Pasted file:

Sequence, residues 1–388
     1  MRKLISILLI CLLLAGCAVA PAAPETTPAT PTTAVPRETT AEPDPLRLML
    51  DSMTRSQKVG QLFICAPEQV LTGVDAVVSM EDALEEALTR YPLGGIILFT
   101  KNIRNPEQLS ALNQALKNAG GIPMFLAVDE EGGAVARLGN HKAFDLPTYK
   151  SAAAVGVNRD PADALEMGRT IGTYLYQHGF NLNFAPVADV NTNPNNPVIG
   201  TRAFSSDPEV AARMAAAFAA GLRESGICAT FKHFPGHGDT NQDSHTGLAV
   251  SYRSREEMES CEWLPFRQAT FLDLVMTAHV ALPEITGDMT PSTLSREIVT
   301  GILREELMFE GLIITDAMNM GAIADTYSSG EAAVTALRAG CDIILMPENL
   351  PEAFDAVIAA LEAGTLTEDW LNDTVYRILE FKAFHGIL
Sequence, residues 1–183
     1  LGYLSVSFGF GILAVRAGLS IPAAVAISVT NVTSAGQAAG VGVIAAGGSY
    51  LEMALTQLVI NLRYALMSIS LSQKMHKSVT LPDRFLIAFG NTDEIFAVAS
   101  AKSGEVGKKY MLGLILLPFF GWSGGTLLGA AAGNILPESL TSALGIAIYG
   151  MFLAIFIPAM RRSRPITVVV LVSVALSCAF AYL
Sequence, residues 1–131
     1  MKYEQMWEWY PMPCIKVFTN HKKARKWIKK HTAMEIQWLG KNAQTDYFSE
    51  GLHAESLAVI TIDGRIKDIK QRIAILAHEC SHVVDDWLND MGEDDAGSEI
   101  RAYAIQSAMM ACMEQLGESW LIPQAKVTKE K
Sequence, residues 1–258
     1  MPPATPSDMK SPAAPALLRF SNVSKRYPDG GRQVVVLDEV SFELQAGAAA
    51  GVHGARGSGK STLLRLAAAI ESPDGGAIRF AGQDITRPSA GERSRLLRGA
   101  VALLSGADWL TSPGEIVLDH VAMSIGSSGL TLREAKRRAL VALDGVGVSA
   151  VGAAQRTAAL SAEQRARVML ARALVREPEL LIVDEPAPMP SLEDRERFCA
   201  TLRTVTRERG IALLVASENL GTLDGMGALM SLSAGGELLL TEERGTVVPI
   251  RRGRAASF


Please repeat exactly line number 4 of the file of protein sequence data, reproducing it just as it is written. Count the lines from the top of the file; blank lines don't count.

   101  KNIRNPEQLS ALNQALKNAG GIPMFLAVDE EGGAVARLGN HKAFDLPTYK